The handgun Willmore was carrying on that day was fully loaded. He told police he decided to stop the man who was walking near the lift station because he thought he resembled a burglary suspect who had hit the neighborhood.

Willmore said he had approached the man and said, “Hello, do you live around here?” He claimed the man reacted with aggression, and that’s why he unholstered his handgun.

He denied pointing the weapon and said he had no plan to shoot anyone.

“I asked Willmore what he would have done if (the other man) did not follow his instructions and continued to walk on. Willmore stated he would have discharged the weapon into the ground,” the police report said.

The suspect was booked into the Snohomish County Jail on Wednesday.

“I applaud people who want to be proactive, but this individual has just gone past anything we would condone,” Flood said.

Scott North: 425-339-3431, north@heraldnet.com

More in Local News

Longboarders from near and far hit the trail in Arlington

The Centennial Sk8 Festival was serious competition for some and just for fun for others.

Signs show the rates for using the express toll lanes for traffic headed southbound on Interstate 405, Tuesday, Feb. 16, 2016, in Bothell, Wash. Gov. Jay Inslee announced plans Tuesday to try to decrease congestion on I-405 in answer to commuter complaints that the new express lane tolling system is making traffic worse. The governor said he would not be shutting down the tolling system as some people have called for. But the state transportation department is making plans to add new northbound general purpose lanes to ease some of the congestion and also plan to make it easier to move into and out of the express lanes. (AP Photo/Elaine Thompson)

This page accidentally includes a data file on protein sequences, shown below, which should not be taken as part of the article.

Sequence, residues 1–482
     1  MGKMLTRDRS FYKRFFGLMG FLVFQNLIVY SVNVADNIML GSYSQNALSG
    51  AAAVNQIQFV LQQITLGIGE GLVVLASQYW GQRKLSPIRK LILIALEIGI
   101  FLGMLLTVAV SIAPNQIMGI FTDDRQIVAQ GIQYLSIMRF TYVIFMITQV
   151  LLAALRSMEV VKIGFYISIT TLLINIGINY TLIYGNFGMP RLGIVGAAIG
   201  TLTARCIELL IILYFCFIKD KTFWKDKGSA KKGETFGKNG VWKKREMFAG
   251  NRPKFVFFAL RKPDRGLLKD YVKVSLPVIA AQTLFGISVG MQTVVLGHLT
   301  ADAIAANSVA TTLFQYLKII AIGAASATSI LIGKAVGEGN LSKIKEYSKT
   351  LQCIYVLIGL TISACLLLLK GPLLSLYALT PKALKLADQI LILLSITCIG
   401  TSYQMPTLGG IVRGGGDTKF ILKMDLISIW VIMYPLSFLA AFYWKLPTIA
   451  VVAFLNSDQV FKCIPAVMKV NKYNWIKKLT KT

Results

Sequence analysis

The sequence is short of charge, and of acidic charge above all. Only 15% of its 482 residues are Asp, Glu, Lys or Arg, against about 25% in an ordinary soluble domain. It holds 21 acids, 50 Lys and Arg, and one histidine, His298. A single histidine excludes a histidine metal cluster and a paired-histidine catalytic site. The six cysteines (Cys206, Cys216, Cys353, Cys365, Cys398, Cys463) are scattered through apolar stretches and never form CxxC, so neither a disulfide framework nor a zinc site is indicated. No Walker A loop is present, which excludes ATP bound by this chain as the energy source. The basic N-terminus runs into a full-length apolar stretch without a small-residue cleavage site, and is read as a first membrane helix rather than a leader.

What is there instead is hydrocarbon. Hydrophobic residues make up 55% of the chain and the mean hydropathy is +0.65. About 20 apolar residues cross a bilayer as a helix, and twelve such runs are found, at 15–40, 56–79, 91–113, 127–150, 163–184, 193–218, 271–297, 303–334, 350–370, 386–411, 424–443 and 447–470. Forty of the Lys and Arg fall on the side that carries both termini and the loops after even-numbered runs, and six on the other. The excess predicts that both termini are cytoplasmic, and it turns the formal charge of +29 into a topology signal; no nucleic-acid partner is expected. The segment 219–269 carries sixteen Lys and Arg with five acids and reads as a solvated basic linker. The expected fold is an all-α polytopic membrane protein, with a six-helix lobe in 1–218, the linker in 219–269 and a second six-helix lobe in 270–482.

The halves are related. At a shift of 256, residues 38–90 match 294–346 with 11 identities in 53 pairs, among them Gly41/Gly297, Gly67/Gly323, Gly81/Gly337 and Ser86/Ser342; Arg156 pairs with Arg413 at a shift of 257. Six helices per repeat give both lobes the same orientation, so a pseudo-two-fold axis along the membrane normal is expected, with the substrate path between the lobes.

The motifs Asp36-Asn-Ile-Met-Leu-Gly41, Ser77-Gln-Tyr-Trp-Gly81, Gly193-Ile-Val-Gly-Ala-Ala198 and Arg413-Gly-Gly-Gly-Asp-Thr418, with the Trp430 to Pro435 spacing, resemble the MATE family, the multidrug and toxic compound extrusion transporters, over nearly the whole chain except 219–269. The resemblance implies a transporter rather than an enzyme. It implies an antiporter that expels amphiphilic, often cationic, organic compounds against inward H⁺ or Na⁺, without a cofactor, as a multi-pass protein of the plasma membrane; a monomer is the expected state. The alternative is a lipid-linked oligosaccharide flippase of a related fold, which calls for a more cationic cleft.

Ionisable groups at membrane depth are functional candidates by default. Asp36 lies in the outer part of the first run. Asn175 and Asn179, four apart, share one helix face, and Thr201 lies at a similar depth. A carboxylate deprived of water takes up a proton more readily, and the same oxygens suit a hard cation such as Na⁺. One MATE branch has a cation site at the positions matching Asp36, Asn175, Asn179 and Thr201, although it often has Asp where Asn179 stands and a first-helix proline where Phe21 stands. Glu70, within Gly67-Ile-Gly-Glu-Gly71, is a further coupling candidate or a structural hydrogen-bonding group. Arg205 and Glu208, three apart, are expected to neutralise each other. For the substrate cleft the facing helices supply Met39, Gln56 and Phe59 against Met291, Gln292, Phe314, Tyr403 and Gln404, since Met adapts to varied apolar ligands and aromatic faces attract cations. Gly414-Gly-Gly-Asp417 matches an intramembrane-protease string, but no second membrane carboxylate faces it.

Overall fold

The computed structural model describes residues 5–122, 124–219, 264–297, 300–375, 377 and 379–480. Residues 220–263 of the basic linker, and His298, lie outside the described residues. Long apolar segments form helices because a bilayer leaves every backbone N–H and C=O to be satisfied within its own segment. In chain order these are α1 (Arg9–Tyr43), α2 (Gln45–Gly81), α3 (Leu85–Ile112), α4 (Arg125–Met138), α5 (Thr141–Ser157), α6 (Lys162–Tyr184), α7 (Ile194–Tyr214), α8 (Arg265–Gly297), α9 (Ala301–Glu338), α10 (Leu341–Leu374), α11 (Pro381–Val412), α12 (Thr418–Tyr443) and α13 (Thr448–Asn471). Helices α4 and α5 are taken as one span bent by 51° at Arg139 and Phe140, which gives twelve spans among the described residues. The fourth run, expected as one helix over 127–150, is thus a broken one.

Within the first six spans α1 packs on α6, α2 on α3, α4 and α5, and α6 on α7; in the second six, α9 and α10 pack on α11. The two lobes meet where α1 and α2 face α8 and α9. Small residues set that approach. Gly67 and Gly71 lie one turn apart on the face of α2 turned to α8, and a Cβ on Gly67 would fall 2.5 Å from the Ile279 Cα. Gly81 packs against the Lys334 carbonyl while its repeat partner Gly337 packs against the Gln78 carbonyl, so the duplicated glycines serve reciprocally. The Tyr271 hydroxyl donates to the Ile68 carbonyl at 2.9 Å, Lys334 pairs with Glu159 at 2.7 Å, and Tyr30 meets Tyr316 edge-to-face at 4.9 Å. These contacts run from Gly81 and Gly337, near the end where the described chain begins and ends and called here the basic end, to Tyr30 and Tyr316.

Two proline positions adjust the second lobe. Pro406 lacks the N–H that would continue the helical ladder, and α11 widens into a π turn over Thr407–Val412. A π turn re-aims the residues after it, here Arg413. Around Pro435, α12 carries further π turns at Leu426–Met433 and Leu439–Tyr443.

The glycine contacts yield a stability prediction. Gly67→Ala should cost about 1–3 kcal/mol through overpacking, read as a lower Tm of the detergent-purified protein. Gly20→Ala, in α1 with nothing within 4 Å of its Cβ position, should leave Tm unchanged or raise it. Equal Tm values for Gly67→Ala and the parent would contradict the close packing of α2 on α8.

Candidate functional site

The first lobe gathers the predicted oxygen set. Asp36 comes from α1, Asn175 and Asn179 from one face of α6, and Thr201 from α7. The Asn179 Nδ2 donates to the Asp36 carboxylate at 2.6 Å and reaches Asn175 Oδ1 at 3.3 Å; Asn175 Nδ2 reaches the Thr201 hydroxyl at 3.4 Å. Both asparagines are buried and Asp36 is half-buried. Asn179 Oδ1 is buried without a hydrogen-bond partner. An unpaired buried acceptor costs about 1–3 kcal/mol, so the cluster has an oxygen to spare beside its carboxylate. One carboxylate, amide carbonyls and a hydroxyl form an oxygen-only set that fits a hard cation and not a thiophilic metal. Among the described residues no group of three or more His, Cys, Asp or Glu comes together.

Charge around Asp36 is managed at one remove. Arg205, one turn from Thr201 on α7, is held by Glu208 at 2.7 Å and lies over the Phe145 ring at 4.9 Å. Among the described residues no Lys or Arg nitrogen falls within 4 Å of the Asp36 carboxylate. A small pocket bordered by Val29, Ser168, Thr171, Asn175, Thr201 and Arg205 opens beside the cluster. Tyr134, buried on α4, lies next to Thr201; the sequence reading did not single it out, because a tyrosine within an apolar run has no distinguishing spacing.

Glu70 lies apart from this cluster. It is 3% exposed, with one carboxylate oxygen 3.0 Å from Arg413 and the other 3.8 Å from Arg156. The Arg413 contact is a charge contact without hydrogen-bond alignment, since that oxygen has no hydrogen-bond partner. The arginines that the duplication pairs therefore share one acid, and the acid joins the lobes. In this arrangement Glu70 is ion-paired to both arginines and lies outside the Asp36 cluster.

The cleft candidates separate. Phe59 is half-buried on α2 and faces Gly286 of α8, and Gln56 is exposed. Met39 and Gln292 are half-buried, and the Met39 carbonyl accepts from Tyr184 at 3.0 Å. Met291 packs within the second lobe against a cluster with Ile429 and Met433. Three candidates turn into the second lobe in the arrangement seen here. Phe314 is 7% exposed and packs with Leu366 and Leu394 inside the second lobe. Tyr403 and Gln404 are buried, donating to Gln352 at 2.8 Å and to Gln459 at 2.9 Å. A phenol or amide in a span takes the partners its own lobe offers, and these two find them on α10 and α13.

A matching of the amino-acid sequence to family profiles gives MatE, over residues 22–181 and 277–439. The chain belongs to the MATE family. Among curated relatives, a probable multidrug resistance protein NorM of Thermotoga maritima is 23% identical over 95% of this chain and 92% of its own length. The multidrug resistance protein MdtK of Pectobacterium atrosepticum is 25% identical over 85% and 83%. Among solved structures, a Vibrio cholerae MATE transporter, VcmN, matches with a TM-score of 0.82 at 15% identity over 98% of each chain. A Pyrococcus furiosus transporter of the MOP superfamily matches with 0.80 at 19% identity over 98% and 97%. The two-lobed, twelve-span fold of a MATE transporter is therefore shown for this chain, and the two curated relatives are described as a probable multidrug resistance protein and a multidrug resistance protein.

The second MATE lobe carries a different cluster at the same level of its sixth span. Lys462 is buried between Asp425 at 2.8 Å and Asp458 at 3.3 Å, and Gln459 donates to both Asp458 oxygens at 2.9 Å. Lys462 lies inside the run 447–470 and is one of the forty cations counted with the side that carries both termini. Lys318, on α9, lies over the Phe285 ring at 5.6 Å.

After a 2-year trial, are I-405’s toll lanes here to stay?

Lawmakers will decide whether to keep them or end the experiment and try something else.

Weary drivers using toll lanes say they have little choice

Congestion continues to be a tedious reality for commuters on I-405, which is as clogged as ever.

Council passes six-month moratorium on safe injection sites

Proposal by County Councilman Nate Nehring passed unanimously.

Terrace woman held following collision in Everett

The three occupants in vehicle were transported to a local hospital in serious condition.

Information sought on drive-by shooting in Everett

Debris from an apparent crash, evidence of gunfire found in the 2800 block of California Street.

Crews recover body of man who fell over Wallace Falls

The area where the man fell is called Sky Valley Lookout, 2.4 miles from the parking lot.

Herald photos of the week

A weekly collection of The Herald’s best images by staff photographers and… Continue reading

This week’s Herald Super Kid is Nathan Nicholson of Snohomish High School. (Dan Bates / The Herald)
‘The future is biotech,’ but for now he’s busy with everything

Snohomish senior Nathan Nicholson is a student leader and media master.

Most Read